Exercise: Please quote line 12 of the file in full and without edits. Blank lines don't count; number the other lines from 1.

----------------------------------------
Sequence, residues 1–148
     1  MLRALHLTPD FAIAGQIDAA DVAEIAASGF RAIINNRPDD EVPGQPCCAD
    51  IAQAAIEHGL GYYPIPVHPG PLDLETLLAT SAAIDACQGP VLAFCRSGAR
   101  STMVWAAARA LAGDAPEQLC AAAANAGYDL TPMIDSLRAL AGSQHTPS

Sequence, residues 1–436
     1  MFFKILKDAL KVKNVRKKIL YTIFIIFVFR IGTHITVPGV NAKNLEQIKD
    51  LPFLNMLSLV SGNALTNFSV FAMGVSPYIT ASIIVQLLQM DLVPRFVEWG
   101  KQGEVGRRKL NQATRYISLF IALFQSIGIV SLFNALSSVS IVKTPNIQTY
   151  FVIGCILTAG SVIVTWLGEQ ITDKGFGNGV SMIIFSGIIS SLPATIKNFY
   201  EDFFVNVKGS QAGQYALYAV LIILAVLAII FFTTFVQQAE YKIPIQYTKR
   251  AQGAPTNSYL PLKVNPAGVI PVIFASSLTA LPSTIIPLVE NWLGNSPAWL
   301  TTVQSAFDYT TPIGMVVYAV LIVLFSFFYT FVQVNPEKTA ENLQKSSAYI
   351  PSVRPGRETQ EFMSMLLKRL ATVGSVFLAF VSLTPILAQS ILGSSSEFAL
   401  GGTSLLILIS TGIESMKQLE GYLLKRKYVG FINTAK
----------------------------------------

   301  TTVQSAFDYT TPIGMVVYAV LIVLFSFFYT FVQVNPEKTA ENLQKSSAYI